19Develop a protocol for increasing, where necessary, the size of natural sub-populations using transplantsMediumAll2017
Broad strategy: Acquire the required knowledge on threats by insects, mites and Woodland Caribou
Approach: Identify, design and conduct studies required for specifying the species’ vulnerability to grazing by caterpillars and to infections by mites and aphids
20Identify the studies required to determine the vulnerability of the species to the various insect speciesHighHerbivory by Rusty Tussock Moth, attack by mites or aphids2015
21Design and conduct the necessary studies to determine the species’ vulnerability to the various insect speciesHighHerbivory by Rusty Tussock Moth, attack by mites or aphids2019
Approach: Identify, design and conduct studies required for specifying the species’ vulnerability to trampling and grazing by Woodland Caribou
22Identify the studies needed to determine the species’ vulnerability to trampling and grazing by Woodland Caribou, Atlantic–Gaspésie sub-populationMediumTrampling by Woodland Caribou, grazing by Woodland Caribou2015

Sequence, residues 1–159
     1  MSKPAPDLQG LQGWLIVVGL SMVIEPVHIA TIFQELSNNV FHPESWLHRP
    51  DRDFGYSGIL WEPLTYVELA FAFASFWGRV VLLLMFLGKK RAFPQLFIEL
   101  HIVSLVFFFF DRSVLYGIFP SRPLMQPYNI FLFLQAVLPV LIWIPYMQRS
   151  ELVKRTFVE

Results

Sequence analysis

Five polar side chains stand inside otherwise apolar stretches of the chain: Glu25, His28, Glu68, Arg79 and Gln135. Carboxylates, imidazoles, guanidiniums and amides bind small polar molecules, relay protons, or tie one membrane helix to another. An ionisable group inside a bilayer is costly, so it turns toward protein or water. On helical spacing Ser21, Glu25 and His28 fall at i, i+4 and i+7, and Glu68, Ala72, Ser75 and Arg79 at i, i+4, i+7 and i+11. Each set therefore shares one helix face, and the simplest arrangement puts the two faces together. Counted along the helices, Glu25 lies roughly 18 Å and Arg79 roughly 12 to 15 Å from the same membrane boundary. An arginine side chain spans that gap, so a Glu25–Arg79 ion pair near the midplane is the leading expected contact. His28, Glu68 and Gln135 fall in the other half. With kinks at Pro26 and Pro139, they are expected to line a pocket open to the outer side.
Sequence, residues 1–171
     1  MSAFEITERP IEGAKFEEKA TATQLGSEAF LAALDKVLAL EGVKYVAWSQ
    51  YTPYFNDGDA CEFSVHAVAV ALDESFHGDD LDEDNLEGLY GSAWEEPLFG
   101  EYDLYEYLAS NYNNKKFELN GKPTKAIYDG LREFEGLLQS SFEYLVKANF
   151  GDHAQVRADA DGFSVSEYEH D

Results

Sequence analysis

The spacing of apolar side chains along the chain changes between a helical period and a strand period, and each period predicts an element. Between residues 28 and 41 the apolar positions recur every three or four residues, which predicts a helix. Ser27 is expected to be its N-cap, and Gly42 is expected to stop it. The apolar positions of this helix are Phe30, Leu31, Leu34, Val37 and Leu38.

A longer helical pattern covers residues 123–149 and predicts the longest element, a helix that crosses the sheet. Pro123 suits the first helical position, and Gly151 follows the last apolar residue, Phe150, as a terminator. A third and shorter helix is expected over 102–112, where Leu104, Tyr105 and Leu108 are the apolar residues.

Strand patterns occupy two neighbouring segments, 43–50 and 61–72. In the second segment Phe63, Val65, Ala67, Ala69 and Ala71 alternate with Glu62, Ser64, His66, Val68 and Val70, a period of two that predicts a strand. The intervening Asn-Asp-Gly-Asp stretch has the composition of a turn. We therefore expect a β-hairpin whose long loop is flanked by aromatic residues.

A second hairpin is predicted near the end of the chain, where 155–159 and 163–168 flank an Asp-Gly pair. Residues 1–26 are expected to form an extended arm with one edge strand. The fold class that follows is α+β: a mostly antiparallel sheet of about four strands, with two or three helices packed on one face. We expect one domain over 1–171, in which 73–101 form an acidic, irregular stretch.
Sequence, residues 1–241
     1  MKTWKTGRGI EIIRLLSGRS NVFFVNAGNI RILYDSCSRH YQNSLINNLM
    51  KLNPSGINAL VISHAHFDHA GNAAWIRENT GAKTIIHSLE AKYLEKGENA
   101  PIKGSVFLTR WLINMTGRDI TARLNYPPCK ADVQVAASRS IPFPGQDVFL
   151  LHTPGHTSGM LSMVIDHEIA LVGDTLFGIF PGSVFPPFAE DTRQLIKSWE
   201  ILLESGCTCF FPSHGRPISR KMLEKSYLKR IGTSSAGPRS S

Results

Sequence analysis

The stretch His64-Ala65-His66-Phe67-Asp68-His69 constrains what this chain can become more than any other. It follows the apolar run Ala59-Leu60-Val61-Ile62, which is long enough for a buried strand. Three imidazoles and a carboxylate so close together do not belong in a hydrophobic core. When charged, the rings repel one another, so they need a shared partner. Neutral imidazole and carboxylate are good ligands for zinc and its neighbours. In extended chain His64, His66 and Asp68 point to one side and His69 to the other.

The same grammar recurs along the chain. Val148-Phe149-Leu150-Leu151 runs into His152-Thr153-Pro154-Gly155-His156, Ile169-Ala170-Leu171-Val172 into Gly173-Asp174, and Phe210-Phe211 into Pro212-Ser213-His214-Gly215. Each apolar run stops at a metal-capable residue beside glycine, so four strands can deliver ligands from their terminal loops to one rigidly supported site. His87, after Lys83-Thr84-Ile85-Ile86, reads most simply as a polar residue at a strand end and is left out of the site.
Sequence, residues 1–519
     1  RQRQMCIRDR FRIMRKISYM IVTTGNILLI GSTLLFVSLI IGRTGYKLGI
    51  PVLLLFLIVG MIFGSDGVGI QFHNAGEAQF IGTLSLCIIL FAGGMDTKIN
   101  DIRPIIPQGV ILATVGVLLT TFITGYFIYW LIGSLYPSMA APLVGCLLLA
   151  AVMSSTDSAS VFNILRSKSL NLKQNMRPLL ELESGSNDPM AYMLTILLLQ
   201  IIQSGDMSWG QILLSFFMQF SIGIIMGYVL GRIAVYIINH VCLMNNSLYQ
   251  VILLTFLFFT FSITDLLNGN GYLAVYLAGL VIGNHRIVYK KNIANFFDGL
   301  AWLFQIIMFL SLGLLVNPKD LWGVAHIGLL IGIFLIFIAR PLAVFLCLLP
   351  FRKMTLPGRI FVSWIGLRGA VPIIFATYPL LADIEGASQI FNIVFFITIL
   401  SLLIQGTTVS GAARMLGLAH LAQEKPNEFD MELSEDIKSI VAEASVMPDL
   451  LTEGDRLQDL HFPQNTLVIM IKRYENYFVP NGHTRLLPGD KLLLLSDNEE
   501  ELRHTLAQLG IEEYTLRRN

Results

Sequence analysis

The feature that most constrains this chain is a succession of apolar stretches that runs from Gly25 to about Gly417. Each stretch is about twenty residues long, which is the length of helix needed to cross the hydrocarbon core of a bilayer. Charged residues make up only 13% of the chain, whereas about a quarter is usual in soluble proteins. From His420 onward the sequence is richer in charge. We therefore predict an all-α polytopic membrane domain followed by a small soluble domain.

23Design and conduct the studies needed to determine the species’ vulnerability to trampling and grazing by Woodland Caribou, Atlantic–Gaspésie populationMediumTrampling by Woodland Caribou, grazing by Woodland Caribou2019

1"Priority" reflects the degree to which the action contributes directly to the recovery of the species or is an essential precursor to an action that contributes to the recovery of the species.

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1.3 Critical Habitat

1.3.1 Identification of the species’ critical habitat

The critical habitat identified in section 7.1 of the recovery strategy (Environment Canada 2011) was sufficient to achieve the population and distribution objectives. As a result, no additional critical habitat is identified in this action plan.

1.4 Proposed Measures to Protect Critical Habitat